In a wireless capsule endoscopy (WCE) abnormal automatic detection system, the same image content may have different meanings in different locations. For example, visible blood vessels are usual in ileum but abnormal in the duodenum and upper jejunum, and bile is normal in the duodenum but indicating bile reflux in the stomach, as shown in figure 1. Therefore, the essential first step of building this system is to locate the intestinal position of the image.Methods
To tackle this problem, a dense, connected convolution neural network (CNN) was adopted. The data were collected from several hospitals, consist of complete WCE videos of 16 patients, which has an average of 60 000 images per video. Those images were classified into four classes: oesophagus, stomach, small intestine and others by a gastroenterologist. The images before oesophagus part and after small intestine part were excluded because the large intestine disease is not the goal of the WCE.Results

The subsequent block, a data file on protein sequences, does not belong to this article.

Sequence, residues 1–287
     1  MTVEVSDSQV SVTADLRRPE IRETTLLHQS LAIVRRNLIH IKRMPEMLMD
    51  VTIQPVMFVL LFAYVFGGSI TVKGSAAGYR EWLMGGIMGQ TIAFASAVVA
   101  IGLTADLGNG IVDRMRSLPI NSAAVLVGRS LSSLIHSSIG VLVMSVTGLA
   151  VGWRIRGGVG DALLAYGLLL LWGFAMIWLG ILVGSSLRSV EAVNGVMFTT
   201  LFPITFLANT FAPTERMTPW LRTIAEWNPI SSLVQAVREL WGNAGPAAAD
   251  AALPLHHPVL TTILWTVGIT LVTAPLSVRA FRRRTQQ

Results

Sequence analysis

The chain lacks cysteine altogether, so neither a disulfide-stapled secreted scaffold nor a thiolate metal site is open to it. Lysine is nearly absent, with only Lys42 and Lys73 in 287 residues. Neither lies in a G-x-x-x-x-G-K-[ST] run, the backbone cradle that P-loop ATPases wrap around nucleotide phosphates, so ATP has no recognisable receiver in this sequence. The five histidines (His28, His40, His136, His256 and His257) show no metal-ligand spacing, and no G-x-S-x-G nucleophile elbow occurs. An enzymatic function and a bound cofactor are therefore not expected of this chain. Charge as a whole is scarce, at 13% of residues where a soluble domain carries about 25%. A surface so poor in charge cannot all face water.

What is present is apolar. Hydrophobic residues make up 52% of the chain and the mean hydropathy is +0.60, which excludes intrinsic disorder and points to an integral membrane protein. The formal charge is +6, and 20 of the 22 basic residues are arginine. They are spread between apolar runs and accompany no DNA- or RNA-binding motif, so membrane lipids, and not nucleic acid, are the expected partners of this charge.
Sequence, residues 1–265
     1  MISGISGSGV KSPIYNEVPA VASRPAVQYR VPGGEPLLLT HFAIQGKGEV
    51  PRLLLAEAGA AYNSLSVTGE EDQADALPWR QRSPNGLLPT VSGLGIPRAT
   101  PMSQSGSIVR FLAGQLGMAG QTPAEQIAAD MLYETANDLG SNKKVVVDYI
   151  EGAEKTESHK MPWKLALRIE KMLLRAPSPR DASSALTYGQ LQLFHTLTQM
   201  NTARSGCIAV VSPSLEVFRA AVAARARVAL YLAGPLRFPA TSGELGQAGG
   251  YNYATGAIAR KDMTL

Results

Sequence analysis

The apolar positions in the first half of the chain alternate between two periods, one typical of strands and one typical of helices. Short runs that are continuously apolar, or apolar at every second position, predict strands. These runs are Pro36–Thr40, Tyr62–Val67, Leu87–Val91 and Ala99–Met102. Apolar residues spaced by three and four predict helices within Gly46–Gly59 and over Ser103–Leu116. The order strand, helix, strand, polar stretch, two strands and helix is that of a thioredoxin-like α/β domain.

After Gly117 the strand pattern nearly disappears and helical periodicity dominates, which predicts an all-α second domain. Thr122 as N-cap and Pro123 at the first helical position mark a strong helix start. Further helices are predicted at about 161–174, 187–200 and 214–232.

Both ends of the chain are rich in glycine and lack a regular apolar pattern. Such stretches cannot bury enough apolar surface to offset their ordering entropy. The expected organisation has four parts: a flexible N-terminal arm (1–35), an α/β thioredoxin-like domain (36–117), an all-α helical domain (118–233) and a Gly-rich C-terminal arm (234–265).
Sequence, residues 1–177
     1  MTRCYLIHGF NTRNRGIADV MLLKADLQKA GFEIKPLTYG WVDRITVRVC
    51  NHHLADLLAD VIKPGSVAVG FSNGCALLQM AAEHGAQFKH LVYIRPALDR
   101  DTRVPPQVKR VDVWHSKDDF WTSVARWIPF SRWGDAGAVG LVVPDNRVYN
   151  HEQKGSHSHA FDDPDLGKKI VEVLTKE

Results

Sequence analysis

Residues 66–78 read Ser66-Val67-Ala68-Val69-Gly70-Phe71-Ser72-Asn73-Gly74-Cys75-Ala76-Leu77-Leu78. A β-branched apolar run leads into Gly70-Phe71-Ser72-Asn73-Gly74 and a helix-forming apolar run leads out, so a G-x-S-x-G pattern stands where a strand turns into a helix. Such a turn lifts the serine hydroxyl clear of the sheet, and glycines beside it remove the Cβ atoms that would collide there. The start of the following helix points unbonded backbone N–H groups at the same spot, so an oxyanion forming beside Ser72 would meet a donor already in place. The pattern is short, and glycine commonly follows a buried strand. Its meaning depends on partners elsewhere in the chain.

We used images of 10 videos (60%) for training and the rest 6 videos (40%) for testing. The performances are shown in table 1.Results
We do not classify oesophagus vs. small intestine because of the order of WCE passing through the human gut. Due to the intestinal of patients are not clean enough, some images were fulfilled with food residue or faecal residue, which leads to the inability to determine its location. Rest of the misclassified samples are almost located at the junction of two parts because the intestinal wall of these places contains the characteristics of the front and back parts.Conclusions
The CNNs show the great ability to distinguish the WCE images belongs to the oesophagus, stomach or small intestine. Some misclassified results were corrected based on the continuity of intestine for more robust performance, which will benefit the WCE abnormal automatic detection system behind.